Basing patterns are often a buy signal and Canadian banks, global agriculture stocks and U.S. junk bonds are poised to take off says Keith Richards, portfolio manager at Barrie, Ont.-based Value Trend/Wealth Management. To take advantage of possible breakouts in these sectors, investors should consider these exchange traded funds.
There are likely as many ways of buying a specific stock or an exchange traded fund as there are investors.
What I like to do is look for a breakout in a stock or a sector from an area of consolidation. And I’ll likely soon be busy because several sectors now appear to be on the verge of a breakout.
Two such sectors are Canadian banks and global agriculture. U.S. high-yield bonds also now seem ready to break free from a base. So, here’s how some of these sectors could become good investment bets over the next few weeks or months.
If you read my book, Sideways, you’ll recall that I divide any market into four phases: base, uptrend, top and downtrend. Not only do these phases repeat themselves, but they do so through many different time periods.
For example, were you to follow a stock on a monthly basis, you’d see the same four patterns repeat themselves over a long period, just as you’d see them do so on a daily chart during a shorter period.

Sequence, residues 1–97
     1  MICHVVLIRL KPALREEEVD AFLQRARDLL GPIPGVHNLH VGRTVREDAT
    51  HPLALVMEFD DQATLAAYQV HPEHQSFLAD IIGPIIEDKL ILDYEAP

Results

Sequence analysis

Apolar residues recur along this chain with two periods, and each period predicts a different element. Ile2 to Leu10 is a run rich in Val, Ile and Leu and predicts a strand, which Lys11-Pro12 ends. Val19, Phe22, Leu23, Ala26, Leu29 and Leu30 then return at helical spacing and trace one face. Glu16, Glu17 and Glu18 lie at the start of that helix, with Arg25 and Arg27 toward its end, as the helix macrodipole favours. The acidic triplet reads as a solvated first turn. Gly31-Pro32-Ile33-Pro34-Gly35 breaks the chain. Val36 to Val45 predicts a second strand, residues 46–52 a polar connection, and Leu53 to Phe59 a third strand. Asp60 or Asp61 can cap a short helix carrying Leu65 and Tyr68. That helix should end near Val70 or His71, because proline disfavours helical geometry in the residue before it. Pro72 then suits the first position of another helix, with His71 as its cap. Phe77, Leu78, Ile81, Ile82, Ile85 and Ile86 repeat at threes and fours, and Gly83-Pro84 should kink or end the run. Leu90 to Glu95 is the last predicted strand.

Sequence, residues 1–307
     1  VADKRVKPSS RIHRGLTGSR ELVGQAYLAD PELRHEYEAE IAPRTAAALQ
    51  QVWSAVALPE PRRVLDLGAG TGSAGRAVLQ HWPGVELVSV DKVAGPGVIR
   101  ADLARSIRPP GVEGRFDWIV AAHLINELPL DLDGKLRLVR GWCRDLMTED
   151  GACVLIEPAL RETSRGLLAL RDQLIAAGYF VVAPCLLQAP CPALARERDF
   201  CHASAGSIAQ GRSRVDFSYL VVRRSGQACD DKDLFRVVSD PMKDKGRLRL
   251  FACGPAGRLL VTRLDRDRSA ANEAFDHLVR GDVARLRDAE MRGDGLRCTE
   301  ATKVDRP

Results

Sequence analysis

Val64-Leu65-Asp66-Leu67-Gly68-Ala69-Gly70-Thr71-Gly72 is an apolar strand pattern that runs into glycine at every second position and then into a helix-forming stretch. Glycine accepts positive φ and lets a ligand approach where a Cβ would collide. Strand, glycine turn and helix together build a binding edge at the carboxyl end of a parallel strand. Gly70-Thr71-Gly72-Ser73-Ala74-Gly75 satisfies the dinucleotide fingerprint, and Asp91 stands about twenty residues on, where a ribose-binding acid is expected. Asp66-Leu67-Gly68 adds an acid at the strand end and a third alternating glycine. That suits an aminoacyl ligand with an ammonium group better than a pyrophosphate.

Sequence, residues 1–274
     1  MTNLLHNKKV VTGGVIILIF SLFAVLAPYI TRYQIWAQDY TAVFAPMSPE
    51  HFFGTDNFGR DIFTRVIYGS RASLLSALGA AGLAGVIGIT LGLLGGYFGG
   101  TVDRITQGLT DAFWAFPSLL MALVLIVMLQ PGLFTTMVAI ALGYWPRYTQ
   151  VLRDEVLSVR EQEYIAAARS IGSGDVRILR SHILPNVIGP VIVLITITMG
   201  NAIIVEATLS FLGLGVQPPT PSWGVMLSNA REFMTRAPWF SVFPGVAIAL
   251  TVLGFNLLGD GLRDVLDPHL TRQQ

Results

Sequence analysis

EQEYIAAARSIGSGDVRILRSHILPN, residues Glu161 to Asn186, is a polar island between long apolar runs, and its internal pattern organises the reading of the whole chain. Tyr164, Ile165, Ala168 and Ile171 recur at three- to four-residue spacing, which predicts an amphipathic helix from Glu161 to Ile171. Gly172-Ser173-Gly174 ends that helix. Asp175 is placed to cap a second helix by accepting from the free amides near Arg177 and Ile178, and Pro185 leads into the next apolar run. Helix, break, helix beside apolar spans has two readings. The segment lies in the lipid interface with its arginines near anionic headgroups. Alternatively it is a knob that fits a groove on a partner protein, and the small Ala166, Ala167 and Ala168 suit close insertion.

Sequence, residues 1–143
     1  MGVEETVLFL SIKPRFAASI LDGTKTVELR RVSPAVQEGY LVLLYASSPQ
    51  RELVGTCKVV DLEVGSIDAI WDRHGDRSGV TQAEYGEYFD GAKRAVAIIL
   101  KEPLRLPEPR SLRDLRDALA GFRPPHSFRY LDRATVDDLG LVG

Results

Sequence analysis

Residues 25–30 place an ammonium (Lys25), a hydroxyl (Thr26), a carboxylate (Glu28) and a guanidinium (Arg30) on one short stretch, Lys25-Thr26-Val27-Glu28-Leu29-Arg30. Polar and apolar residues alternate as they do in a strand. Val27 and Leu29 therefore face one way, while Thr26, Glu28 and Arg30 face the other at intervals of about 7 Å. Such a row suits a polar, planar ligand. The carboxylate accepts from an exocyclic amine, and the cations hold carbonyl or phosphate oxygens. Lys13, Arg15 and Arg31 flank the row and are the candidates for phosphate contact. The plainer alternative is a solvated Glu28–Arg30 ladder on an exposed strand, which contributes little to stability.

Whatever time frame you pick, you’ll want to find stocks or sectors that are basing, so you can buy them when they break out. If you do so, you’ll see that this is likely the single best way of using technical analysis to make money.
Remember, buying into market trends is easy. But the really dynamic moves in the market occur after a base is broken.
An exchange traded fund for Canadian banks
Canadian banks are now consolidating after pulling back this winter. So, let’s give this sector a once-over.
Back in January of this year, we cleared out of BMO S&P/TSX Equal Weight Banks Index (TSX─ZEB), an exchange traded fund that covers Canadian banks.
But we only did so after the fund made a lower low and then a lower high, after which it broke through its 200-day moving average at the end of January.
We used that rally to make our exit — a move that turned out to be a good one, given that the sector slid lower before recently rallying to where it was when we sold out in January.
True, investors who followed our strategy had to wait five months until the fund returned to its break-even point. But folks who did hold on benefited from significant opportunity costs.
The fund’s recent trough and peaks have now moved higher, suggesting that the banks are forming a base. And although the fund is toying with its 200-day moving average, it’s showing some signs of positive movement on the daily chart momentum oscillators.
Keep in mind too that the share prices of Canadian banks usually perform best from October through to the end of the year. At least, that’s what Brooke Thackray, a Toronto-based analyst, says. Still, in recent years, I’ve done well with the banks when I’ve bought them in late summer.
Meanwhile, to confirm the transition to a phase-two bull trend, the fund needs to top $23.50 a unit — roughly $0.50 above where it trades.
3 exchange traded funds for a global agriculture play
Now, let’s turn to that other sector that appears poised for a breakout: agriculture.